But my dad was a great dad, the dad everyone in the neighborhood wanted. Granted the competition wasn't what you might call stiff -- there was the alcoholic Frito Lay man, passed out in his delivery van by noon, the guy who shot up his family one very hot August night, the funeral director/pedophile dad . . . well, the list could go on, but you get the idea. My dad was fun. He'd put on his compilation of disco songs (Don's Dancing Dynamite Disco Mix! was written on the tape label in black Sharpie) on the tape player and do the bump, the hustle, and as time passed, the moonwalk. Don's Dancing Dynamite Disco Mix! was a staple for at least twenty years. Right before he died, he and my sister and Sissy Lynn visited me in Detroit. I was living in the kind of apartment that evokes pathos, the kind of place that makes you say, Is this where it all ends? A doomed kind of place which made me get them out of it as often as possible. We spent one of Dad's last days on earth at the Henry Ford Museum where there was an exhibit that paid tribute to disco -- A Decade Of Friday Nights. Friday was always Dad's favorite day, the end of the work week, the start of the fun. Wherever he is, I hope it's Friday all the time, an eternity of Friday nights, not just a decade.

Michelle's Spell of the Day
Paradise -
I see flowers
from the cottage where I lie.
~Yaitsu's death poem, 1807

Cocktail Hour
Am reviewing some writing books this week and next -- look for it . . .

Benedictions and Maledictions
Happy Wednesday! Hey handsome Mark and lovely Robin, thanks for the kind words about the excerpt! You guys are the very very best! And Robin, glad to hear about that writing mojo . . .

Tuesday, August 03, 2010

Dead Man's Party

Hey guys, another novel excerpt -- tomorrow a review of Is Life Like This? by John Dufresene. Thanks for reading!

“Well, it couldn’t be any worse than that bar you took me to on my last visit. It was like drinking cheap liquor in a dark closet,” Hank says.

“Yes, that pretty much sums up Tudges,” I say. Tudges has all the aforementioned charms and a regular Wednesday night karaoke, the highlight of which is a middle-aged Eastern European man dressed in a white suit who performs at least ten songs from the Frank Sinatra catalog.

“Well, Michigan seems like a dream to me now,” I say, quoting the great Paul Simon, husband of Edie Brickell who I used to see play at UNT with the new Bohemians.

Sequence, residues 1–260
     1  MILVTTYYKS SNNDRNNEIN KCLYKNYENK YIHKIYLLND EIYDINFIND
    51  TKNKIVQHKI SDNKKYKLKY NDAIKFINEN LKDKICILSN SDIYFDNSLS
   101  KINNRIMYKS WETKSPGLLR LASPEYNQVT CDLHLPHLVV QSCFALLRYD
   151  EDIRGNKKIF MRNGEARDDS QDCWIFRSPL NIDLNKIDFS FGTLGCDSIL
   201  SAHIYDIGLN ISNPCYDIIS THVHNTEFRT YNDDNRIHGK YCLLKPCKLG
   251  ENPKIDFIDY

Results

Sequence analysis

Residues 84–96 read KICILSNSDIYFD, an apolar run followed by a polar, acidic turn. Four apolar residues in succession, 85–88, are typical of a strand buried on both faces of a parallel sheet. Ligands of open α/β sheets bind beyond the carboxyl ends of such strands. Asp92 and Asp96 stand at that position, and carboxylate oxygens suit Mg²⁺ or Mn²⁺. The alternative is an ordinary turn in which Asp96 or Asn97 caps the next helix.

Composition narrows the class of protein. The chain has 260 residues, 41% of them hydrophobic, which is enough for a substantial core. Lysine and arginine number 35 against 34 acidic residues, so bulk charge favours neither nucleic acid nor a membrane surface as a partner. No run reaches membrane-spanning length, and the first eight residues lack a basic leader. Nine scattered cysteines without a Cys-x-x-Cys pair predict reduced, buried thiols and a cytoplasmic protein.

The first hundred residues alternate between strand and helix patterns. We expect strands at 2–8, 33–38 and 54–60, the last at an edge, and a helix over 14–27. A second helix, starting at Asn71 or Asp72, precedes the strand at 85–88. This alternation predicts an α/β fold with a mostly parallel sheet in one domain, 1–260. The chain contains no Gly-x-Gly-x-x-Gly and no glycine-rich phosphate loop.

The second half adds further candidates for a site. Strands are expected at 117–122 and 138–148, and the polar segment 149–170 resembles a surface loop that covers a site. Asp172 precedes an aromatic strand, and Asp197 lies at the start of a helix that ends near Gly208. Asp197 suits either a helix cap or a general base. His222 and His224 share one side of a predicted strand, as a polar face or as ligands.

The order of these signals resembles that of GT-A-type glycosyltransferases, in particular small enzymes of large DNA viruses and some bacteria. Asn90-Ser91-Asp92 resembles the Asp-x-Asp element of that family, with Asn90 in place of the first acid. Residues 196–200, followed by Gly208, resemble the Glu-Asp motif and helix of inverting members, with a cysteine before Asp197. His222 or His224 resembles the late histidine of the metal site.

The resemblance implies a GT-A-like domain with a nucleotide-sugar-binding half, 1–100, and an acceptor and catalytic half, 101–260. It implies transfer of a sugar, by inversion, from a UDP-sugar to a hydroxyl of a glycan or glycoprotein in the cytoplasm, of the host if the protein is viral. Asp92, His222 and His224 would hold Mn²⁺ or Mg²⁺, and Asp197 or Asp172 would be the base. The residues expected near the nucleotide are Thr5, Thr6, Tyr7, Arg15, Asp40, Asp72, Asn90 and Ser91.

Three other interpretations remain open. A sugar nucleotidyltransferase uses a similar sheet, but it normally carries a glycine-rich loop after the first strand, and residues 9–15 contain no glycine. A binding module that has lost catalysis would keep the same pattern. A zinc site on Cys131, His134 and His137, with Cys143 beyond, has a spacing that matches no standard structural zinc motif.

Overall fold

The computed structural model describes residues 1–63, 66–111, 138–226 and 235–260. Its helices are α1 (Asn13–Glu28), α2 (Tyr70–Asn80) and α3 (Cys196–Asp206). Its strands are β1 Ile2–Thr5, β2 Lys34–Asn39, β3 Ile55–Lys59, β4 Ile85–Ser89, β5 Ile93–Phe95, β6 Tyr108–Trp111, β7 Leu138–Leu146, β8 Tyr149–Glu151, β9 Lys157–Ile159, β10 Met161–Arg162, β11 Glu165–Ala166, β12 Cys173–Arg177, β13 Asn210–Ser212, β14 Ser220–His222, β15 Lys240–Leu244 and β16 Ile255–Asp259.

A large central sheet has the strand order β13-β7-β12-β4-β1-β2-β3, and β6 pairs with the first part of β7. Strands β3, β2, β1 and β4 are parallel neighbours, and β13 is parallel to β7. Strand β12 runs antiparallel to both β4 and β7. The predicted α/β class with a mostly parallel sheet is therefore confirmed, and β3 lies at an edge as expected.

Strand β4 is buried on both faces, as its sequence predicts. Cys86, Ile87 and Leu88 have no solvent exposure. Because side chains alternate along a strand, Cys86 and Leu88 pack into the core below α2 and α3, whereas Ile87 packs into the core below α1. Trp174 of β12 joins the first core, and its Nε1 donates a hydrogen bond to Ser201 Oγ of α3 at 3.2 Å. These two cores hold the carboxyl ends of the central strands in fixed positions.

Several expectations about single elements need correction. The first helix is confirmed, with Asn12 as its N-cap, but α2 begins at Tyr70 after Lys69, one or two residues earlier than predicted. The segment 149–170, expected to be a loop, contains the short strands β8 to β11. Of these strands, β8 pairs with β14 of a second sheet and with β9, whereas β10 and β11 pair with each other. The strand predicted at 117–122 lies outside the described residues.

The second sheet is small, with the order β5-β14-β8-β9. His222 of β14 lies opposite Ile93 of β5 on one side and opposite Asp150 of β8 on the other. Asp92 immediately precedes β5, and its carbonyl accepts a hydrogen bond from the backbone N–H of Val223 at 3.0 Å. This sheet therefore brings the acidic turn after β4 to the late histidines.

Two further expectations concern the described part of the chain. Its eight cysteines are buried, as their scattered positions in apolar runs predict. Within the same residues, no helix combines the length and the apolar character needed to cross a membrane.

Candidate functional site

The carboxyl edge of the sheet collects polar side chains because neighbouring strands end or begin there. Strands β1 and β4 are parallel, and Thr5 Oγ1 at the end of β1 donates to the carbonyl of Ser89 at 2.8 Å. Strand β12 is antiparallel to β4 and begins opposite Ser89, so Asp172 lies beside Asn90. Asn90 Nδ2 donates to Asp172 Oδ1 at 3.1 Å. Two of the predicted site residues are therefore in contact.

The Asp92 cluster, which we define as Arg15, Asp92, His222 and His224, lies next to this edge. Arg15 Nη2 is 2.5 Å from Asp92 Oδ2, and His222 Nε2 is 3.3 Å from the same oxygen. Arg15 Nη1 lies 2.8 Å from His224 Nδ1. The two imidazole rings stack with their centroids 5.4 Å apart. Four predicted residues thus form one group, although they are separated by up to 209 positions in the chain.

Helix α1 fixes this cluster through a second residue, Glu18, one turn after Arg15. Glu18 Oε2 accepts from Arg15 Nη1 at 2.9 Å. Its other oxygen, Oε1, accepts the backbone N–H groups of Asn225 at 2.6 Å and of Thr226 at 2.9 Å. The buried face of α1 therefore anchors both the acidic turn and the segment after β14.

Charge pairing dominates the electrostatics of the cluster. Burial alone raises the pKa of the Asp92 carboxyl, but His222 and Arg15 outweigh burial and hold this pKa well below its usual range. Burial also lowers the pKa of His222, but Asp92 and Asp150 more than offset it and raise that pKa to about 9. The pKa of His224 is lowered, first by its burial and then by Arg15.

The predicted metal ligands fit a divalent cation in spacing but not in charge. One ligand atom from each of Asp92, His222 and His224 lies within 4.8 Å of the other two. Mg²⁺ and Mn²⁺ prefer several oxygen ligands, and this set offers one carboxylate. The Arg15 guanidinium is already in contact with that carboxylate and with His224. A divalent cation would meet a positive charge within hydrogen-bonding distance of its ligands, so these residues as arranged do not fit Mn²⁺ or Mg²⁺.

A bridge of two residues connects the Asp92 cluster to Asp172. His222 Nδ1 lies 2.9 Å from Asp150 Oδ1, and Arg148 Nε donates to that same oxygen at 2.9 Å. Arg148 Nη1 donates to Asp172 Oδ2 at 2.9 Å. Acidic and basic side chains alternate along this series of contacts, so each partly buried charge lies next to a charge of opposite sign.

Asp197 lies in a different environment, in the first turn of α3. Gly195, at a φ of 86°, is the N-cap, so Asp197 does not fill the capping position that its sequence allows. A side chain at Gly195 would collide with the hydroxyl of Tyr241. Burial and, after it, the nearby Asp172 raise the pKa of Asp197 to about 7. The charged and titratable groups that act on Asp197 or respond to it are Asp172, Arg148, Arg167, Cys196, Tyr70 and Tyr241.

“I wish,” Hank says.

I frown. No one need trash talk my great love. “Great lakes, great times,” I say in a voice that tires to replicate the Pure Michigan ads. And then in an attempt to change the subject, I shift to Halloween. “I'm planning a straight up Halloween party since we’ve had a Devil’s Night and Day of the Dead one. Thought about doing a come as your favorite dead person, but decided that was tired. Instead, we’re doing a come as the person you wish was dead. A lot more dramatic tension.”

Michelle's Spell of the Day
"Perhaps in the lower frequencies, I speak for you?" Ralph Ellison

Cocktail Hour
Movie reviews coming soon . . .

Benedictions and Maledictions
Happy Tuesday! Thanks for the suggestions and yes Mark, borrow away! And as for pretty pretty Jodi, you do just fine without any of the book -- your tales are wonderful! (But if you get the chance, check out Anne Lammott's Bird by Bird. You'll love it because you love her. She's the bomb, yes?)

Sunday, August 01, 2010

Thanks But This Isn't For Us

Happy weekend! My apologies to all -- I have been remiss in answering emails and comments this week because of a lot of nuttiness and in an attempt to finish the rewrite of How To Own And Operate A Haunted House. Yes, I feel as if I'm living in the haunted house, but that's okay. That's what a novel does. I've been talking a lot about plot this year, something I didn't understand forever. In graduate school, we focused on poetry and short stories. It's not anything like writing something longer, not at all. Raymond Carver once said that writing short stories and poems have far more in common with each other than novels. I believe this to be absolutely true.

So I wanted to alert those out there who may be struggling as I struggled to a resource I found absolutely invaluable. Thanks But This Isn't For Us by Jessica Page Morrell. I love books about writing, but for years, steered clear of practical advice in very specific terms. I talked a lot about rejection as a teacher (having been at the end of it many a time) and was good at the whole a winner never quits and a quitter never wins rhetoric, but seldom addressing what wasn't working in my own writing. Having beaten my head a few too many times against walls, proverbial and real, I decided to take a chance on this book which is written by an agent who tells you why you are suffering the close but not quite syndrome or the no way in hell response. I graduated from the second category to the first by my own will, but the close but not quite is difficult in that I want to drink Drano kind of way. I highly recommend this book to all writers. Some reviewers on Amazon disliked her bossy tone. Hell, I ate it up! Tell me what to do, Jessica! Like Woody Allen said about psychotherapy after fifteen years, I'm giving it one more year, then I'm going to Lourdes. I needed a little tough love. This book provides it. Get thee to a bookstore and read it. Right now, I'm reading Is Life Like This? by John Dufresne and loving it as well. Will provide review as soon as I'm finished. Do you guys have any especially helpful writing book suggestions?

Michelle's Spell of the Day
"The characters you create in your novel become as real in your mind as movie stars." Norman Mailer

Cocktail Hour
Tonight -- Mad Men, Hung -- life is sweet!

Benedictions and Maledictions
Happy Sunday!